need wire nut for 7 #14 ground wires?

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Old 03-17-09, 11:35 PM
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need wire nut for 7 #14 ground wires?

I have a surface mount steel box that will have 2 switches for lights and also will have unswitched power running to another box. I wanted a lot of room so I went with a box where the switches mount to the cover as this gives an extra 7 cu in.

so I have ground wires as follows:

1. from panel
2. unswitched pass through
3. to light 1
4. to light 2
5. box ground
6. switch 1
7. switch 2

If I read things right, the switches need grounds because they mount to the cover. If they mounted to box, they would not. my wire nuts can only take 6 #14. I went online at Ideal website and didn't see any that will take 7. do they have them? Is 7 too many and if so, what options do I have. Hate to switch boxes at this point as wires are already in. don't really want to use one of those switches that is actually two switches as one switch was going to be illuminated.
 
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Old 03-18-09, 05:50 AM
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You won't need a separate "box ground". Just loop one of the grounding wires around the grounding screw and allow it to continue to the bundle. That leaves an even 6. You could combine the grounding wire to the two switches as one wire, jumping from one switch to the next without using a separate wire. Now we're down to 5. Help any?
 
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Old 03-18-09, 06:52 AM
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When I rewired my house and had say 2 or 3 grounding wire, I would cut 2 of them to be about and inch or two shorter, take a pair of pliers or needle nose and twist them together, then take the one long ground I have left and hook it up to the screw. Makes it harder to bend but it worked.
 
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Old 03-18-09, 08:40 AM
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I'm not aware of any requirement that all of the ground wires to be connected under the same wire nut, all that is required is that all of the grounds are connected together in the box. Bundle four of your grounds together with a pigtail, then connect that pigtail to the other three.
 
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Old 03-18-09, 09:15 AM
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Arnie's method is acceptable. You can also use a separate grounding screw and pigtail from the box to each switch. Or use a barrel crimp connector. Or use some of those new Ideal push-in connectors -- I think they make them up to 8 wires.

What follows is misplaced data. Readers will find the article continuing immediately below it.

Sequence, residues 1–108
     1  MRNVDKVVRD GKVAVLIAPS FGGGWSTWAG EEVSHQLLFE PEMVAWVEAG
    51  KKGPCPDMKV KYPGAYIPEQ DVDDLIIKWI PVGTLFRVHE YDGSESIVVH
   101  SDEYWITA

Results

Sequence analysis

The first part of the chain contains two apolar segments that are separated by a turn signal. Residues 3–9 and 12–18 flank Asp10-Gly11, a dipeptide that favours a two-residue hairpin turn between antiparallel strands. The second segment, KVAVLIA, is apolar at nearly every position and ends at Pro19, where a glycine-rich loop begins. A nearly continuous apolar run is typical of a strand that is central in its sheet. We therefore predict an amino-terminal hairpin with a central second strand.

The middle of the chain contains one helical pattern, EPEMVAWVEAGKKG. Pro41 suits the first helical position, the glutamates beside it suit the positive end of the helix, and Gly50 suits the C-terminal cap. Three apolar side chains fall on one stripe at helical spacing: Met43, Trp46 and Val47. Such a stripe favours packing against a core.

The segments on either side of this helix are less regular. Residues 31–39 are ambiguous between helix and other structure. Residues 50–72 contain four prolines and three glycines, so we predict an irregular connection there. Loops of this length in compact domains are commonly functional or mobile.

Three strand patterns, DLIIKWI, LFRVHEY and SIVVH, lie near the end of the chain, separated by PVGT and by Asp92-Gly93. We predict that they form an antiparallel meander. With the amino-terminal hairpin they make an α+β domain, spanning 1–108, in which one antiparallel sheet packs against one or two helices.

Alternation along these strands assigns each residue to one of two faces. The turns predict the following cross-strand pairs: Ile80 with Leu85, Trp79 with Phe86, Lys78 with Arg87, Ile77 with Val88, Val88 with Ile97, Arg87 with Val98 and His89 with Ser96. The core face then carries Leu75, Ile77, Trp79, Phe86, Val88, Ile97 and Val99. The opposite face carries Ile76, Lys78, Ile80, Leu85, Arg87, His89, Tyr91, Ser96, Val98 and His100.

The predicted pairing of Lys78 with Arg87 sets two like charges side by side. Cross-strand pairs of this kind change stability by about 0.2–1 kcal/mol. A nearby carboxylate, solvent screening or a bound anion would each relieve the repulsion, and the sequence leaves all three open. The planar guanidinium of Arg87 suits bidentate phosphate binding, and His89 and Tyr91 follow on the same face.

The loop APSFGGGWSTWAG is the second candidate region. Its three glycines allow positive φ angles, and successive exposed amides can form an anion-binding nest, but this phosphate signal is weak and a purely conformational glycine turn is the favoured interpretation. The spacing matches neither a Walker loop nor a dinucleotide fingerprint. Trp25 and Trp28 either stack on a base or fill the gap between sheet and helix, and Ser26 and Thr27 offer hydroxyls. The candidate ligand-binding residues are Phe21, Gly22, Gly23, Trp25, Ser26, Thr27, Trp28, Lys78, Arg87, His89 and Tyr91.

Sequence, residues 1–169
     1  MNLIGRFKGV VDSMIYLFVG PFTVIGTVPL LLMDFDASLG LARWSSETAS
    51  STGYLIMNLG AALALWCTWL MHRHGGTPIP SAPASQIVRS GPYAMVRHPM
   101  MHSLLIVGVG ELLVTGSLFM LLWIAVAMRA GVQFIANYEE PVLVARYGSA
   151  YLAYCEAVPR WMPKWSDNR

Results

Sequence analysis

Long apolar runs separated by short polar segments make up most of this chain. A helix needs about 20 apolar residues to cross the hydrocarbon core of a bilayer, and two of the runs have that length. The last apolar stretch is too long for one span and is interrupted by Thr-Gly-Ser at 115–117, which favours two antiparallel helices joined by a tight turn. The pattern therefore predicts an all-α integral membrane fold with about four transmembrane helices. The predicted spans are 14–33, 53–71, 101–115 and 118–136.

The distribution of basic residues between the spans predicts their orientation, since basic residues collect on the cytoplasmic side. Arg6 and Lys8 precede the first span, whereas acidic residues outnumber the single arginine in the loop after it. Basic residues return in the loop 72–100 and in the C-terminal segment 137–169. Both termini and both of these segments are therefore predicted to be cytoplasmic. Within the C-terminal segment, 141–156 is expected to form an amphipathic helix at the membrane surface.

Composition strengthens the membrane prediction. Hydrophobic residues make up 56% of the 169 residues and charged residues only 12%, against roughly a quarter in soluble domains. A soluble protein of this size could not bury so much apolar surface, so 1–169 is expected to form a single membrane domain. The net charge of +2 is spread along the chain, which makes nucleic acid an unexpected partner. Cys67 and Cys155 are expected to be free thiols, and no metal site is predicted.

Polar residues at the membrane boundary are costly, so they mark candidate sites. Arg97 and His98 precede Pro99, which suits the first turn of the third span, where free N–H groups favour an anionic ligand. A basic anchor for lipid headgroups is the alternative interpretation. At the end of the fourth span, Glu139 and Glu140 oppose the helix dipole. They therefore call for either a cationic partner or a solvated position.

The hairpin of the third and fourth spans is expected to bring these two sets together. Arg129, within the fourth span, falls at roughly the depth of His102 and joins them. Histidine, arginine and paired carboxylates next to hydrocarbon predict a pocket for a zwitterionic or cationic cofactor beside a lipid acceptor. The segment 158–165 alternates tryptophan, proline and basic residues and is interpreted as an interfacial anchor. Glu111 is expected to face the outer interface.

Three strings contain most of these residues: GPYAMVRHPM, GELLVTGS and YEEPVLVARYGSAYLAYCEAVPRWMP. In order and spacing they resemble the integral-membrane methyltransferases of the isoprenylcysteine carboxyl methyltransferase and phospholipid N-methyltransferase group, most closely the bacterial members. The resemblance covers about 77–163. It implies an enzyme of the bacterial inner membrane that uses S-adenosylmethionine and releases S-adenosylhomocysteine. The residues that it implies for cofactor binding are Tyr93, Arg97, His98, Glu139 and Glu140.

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Old 03-19-09, 12:19 AM
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thank you. problem solved. I just ran an extra long one to get both switches. I should have wrapped the ground from incoming power cable around the ground screw and then continued it to the splice, but I wasn't exactly sure if this was OK. Seemed fine, but since the inspector already failed I figured I better check. Good to know that you can have two ground pigtails if needed.

speaking of push on connectors, some of my recessed lights have these and some bought nearly the same time do not. They have holes for 4 wires and the black fixture wire is pushed into one of the holes leaving 3 more for the power and two other connections. and the white is pushed into one as well. ARe these Good? I think of all the bad remarks about backstabbing receptacles and I thought this would be same sort of thing?
 
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Old 03-19-09, 06:05 AM
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The ones used in the can lighting as well as the similar ones in the bags, are great for quick connections. Their design is alot better than the pushback or stab back designs you are referring to. I use them all the time as well as bcaps. Just depends on the situation.
 
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Old 03-19-09, 09:21 AM
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Originally Posted by hammerash View Post
ARe these Good? I think of all the bad remarks about backstabbing receptacles and I thought this would be same sort of thing?
In my opinion they're good -- I haven't seen one fail yet. The mechanism seems to be much improved over the receptacle stabs.
 
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Old 03-19-09, 04:05 PM
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Originally Posted by diyplank View Post
When I rewired my house and had say 2 or 3 grounding wire, I would cut 2 of them to be about and inch or two shorter, take a pair of pliers or needle nose and twist them together, then take the one long ground I have left and hook it up to the screw. Makes it harder to bend but it worked.
Note, without a mechanical means to secure this method of splicing it is not acceptable.

The use of the above method is similar to using the green ground wire nuts with the hole in the end. The wire cap provides the mechanical connection and is an approved method.
 
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